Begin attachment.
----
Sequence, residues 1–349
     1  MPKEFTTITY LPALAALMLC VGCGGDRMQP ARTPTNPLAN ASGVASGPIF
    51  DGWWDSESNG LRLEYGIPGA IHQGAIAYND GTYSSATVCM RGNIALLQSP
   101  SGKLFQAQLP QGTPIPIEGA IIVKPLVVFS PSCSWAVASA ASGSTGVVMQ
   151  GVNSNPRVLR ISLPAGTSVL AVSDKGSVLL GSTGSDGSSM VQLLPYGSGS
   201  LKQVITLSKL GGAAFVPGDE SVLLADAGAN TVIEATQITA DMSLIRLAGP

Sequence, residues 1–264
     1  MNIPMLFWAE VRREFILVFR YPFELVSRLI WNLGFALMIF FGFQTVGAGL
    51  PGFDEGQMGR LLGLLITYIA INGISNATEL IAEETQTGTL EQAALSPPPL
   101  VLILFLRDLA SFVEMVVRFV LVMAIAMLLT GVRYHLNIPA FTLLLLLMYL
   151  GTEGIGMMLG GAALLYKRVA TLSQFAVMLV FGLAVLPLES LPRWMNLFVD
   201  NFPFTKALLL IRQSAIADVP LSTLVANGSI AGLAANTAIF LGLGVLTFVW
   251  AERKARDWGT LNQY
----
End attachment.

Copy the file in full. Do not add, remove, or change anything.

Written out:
Sequence, residues 1–349
     1  MPKEFTTITY LPALAALMLC VGCGGDRMQP ARTPTNPLAN ASGVASGPIF
    51  DGWWDSESNG LRLEYGIPGA IHQGAIAYND GTYSSATVCM RGNIALLQSP
   101  SGKLFQAQLP QGTPIPIEGA IIVKPLVVFS PSCSWAVASA ASGSTGVVMQ
   151  GVNSNPRVLR ISLPAGTSVL AVSDKGSVLL GSTGSDGSSM VQLLPYGSGS
   201  LKQVITLSKL GGAAFVPGDE SVLLADAGAN TVIEATQITA DMSLIRLAGP

Sequence, residues 1–264
     1  MNIPMLFWAE VRREFILVFR YPFELVSRLI WNLGFALMIF FGFQTVGAGL
    51  PGFDEGQMGR LLGLLITYIA INGISNATEL IAEETQTGTL EQAALSPPPL
   101  VLILFLRDLA SFVEMVVRFV LVMAIAMLLT GVRYHLNIPA FTLLLLLMYL
   151  GTEGIGMMLG GAALLYKRVA TLSQFAVMLV FGLAVLPLES LPRWMNLFVD
   201  NFPFTKALLL IRQSAIADVP LSTLVANGSI AGLAANTAIF LGLGVLTFVW
   251  AERKARDWGT LNQY